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Rockies assigned $8.3 million for Draft bonus pool

DENVER -- The Rockies will have $8,348,300 for bonuses to be paid among their 11 picks in the first 10 rounds of this year's MLB First-Year Player Draft, according to Draft pool figures obtained by

If the pool money (based on inverse order of last year's standings) is averaged out and given strictly to the players the Rockies choose in their first 10 rounds, plus their Competitive Balance Round A choice between the first and second rounds, each player would receive $758,845.

However, the higher the round, the greater the pick is valued, according to the assigned pick values. The eighth overall pick, which belongs to the Rockies, is slotted at $3,190,800, their Competitive Balance Round A pick at 35th overall is slotted at $1,614,500, and their second-round pick at 48th overall is $1,158,000.

There is wiggle room with slots, based on negotiations. For example, a team can select a college player who is unlikely to return to school and negotiate a bonus lower than the slotted value, and some of that money can be used to go above slot to entice a high school player who is weighing a college offer.

In addition to the 11 players in the first 10 rounds, the Rockies may use bonus pool money for players from rounds 11-40 who receive signing bonuses of $100,000 or greater.

A club that exceeds its Draft pool by 0-5 percent pays a 75-percent tax on the overage. The penalties get much more severe at higher thresholds: the loss of a first-round pick and a 75-percent tax for surpassing it by more than 5 and up to 10 percent; the loss of first- and second-rounders and a 100-percent tax for more than 10 and up to 15 percent; and the loss of two first-rounders and a 100-percent tax for more than 15 percent.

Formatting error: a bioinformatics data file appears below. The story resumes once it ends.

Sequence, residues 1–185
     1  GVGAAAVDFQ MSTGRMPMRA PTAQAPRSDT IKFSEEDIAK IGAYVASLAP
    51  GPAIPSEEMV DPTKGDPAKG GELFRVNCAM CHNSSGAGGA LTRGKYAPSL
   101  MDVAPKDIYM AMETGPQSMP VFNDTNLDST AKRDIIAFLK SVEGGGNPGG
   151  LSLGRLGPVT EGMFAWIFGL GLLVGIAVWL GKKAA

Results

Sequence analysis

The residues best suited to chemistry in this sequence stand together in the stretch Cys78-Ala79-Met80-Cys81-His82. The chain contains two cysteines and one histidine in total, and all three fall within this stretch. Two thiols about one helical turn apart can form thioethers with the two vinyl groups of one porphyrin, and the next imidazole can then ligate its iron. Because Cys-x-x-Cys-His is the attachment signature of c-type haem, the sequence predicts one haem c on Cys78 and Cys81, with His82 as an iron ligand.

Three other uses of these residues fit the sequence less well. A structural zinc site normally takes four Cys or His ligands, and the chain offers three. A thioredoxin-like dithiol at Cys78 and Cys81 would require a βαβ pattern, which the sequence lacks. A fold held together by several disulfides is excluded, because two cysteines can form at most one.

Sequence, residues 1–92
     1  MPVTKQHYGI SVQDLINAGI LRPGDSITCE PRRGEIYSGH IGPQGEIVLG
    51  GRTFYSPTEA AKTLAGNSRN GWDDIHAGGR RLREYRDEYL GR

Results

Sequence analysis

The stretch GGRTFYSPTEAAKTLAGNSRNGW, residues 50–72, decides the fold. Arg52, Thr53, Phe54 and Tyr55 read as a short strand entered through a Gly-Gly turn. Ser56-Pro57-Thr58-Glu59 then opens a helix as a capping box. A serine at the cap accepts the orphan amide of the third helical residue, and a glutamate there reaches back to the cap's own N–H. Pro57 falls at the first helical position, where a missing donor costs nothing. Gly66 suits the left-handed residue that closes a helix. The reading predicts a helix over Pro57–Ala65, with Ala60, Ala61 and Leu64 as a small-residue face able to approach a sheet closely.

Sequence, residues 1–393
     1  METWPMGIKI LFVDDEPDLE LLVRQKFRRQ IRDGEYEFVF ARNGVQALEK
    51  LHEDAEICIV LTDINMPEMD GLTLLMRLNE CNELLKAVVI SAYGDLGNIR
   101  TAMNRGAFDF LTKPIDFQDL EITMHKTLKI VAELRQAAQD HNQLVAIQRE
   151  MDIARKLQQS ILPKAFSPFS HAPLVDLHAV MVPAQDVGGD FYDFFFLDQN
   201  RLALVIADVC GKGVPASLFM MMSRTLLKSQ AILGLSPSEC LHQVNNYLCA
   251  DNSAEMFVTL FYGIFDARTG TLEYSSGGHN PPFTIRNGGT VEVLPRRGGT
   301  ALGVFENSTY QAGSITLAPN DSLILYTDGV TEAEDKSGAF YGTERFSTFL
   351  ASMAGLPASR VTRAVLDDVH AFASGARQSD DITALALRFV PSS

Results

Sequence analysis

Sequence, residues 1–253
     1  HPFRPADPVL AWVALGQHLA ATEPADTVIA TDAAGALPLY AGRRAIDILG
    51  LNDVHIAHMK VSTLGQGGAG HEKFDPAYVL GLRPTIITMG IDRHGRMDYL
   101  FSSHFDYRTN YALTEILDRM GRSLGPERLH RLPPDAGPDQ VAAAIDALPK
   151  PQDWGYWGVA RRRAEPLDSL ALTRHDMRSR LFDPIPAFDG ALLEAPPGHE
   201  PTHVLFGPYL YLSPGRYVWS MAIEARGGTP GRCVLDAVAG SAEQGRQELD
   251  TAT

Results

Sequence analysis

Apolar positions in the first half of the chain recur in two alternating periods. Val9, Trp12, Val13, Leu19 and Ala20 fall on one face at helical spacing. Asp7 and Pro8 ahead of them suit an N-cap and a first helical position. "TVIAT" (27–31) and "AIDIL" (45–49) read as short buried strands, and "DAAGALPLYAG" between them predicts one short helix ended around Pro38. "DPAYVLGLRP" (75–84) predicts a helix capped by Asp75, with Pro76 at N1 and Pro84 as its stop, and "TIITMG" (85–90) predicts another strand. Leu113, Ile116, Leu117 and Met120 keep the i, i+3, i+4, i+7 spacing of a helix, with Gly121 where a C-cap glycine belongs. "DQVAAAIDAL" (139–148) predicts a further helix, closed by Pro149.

In the first two years under these rules, teams have exceeded their Draft pools a total of 22 times, but never by more than 5 percent.

The Rockies also will have an international bonus pool of $1,404,500 -- based on a system also based on reverse order of last year's final standings.

The money can go to players not eligible for the Draft. Generally, this means players who are from outside of the U.S., U.S. territories and Canada. Players at high schools and colleges in the U.S., regardless of country of origin, are Draft-eligible.

The international signing period begins July 2.

In addition to establishing a total pool, Major League Baseball has established values for 120 slots. It's as if each team has four "rounds," and those rounds have a specific value.

But because there is no international draft and there are no restrictions on how to spend the money, teams can use the slot values for trading. Each team is allowed to trade for up to an additional 50 percent of their international bonus pool, an additional $1,513,350 in the Rockies' case. However, any trades are tied to specific slot values rather than dollar amounts.

There are penalties for teams signing well beyond their international pool money allotments.

Thomas Harding is a reporter for Follow him on Twitter @harding_at_mlb.
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